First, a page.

What to Do About Bald Patches and Thinning Hair

Aside from those who shave their heads bald (a number of people have been known to make this clean-shaved style look fashionable), adults have hair on their heads. This hair is more than a collection of protein strands; hair is central to a person’s self-image and even their self-esteem, and most adults and plenty of teenagers take their hair seriously. This is reflected in many trends, such as how hair styles may go in and out of fashion for men and women alike. The “beehive” was a popular look for women in decades past, and women in the 1970s loved the Farrah Fawcett look. A lot of hair care products and services are purchased and used by adults around the world, ranging from perms and hair dyes to gels, combs, electric clippers, and more. The barber industry is a big one, but a related industry has also proven robust: hair replacement.

Both men and women have been known to lose their hair as they age, and hair loss may start sooner in some individuals than others. This is a natural and harmless process, but many adults consider bald patches or thinning hair to be unsightly, and many are upset by their ongoing hair loss. Therefore, an entire industry based on hair replacement has sprung up, and hair restoration experts and hair loss doctors are hard at work helping their patients. What is there to know about modern trends in hair loss, and how may hair replacement be possible?

About Hair Loss

Most men, and some women, will experience hair loss as they age. As mentioned above, this is a natural process, but no one will appreciate it. Common male pattern baldness affects some 95% of men, and they start losing their hair as early as their 30s. By age 35, two out of three men are experiencing hair loss, and by age 50, some 85% of men are going through significant hair loss. At any given time, about 35 million men are going through hair loss, and around 21 million women are experiencing the same. When a person starts losing his or her hair, they may expect this hair loss phase to last around 20 years or so, and the Norwood scale exists to measure the extent of hair loss (hair replacement spec8ialists may use this scale for reference). On this scale, Type I is minimal hair loss, while Type VII describes the most serious and advanced hair loss.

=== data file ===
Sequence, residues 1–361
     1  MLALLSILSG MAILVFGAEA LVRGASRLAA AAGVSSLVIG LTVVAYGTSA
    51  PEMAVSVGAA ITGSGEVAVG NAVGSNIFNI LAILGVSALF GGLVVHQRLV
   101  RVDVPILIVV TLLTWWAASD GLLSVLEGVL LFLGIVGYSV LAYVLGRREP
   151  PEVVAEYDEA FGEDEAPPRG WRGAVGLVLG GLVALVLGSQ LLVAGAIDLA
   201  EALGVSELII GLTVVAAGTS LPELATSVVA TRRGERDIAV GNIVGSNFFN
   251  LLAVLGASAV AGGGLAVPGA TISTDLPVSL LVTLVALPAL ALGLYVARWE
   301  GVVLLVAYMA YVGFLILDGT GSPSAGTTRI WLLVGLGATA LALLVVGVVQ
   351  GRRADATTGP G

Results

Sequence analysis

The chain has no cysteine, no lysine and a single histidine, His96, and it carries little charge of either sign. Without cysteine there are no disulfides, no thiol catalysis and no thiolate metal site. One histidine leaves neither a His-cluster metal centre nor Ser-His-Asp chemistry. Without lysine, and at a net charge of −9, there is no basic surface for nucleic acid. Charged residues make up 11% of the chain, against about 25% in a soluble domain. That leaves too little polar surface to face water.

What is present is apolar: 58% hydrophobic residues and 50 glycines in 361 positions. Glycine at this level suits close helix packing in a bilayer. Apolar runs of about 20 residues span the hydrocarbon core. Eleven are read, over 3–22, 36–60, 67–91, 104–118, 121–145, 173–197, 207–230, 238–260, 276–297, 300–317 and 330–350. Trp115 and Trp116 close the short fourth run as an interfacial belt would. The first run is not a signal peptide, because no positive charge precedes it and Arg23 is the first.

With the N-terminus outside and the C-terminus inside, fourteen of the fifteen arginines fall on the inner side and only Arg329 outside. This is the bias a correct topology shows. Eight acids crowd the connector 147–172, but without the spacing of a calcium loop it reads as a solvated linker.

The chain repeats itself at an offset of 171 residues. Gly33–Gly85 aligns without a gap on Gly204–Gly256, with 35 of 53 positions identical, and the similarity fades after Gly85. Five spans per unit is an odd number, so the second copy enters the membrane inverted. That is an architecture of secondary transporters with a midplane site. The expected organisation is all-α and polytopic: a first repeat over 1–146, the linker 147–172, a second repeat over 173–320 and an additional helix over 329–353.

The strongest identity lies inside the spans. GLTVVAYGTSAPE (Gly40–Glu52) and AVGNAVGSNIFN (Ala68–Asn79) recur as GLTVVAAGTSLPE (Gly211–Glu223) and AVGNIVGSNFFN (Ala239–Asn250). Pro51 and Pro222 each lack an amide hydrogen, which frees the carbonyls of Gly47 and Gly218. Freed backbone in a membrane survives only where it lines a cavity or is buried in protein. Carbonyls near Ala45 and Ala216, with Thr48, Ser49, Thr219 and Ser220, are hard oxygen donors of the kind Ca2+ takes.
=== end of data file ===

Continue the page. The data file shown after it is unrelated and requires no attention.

A person will lose about half of the hairs on their head before their hair loss becomes visible, and this may result in bald patches of regions of thinned hair in both men and women. Men in particular may experience bald patches as they age, such as on the top of the head, and receding hair lines are common. Men may expect a receding hair line in their 30s or possibly even their late 20s, though some other men may experience this later. Overall, hair loss is not something most people desire, and surveys show that many people would go to great lengths to restore their hair. Nearly 47% of sufferers of hair loss report that they’d spend their entire life savings to restore a full head of hair, and over half say that they would prefer fully restored hair to money or friends.

Hair Follicle Replacement

While there is no “magic potion” to fully replace all the lost hairs on someone’s head, FUE (follicular unit extraction) methods prove popular and effective for filling out bald or thinning hair patches on patients. Hair naturally grows in units of one to six, and at a hair clinic, a patient may have these units removed along with a thin layer of skin, one to four follicles at a time. The hair specialist will transplant these units to bald patches or thin patches of hair, and orient the relocated hairs for a natural look. This doesn’t add hairs to the person’s head, but it may give the person’s hair a more full look. Only minimal side effects such as minor bleeding or itchiness may be expected after the procedure, and heavier bleeding may call for a return visit to the hair clinic for treatment.

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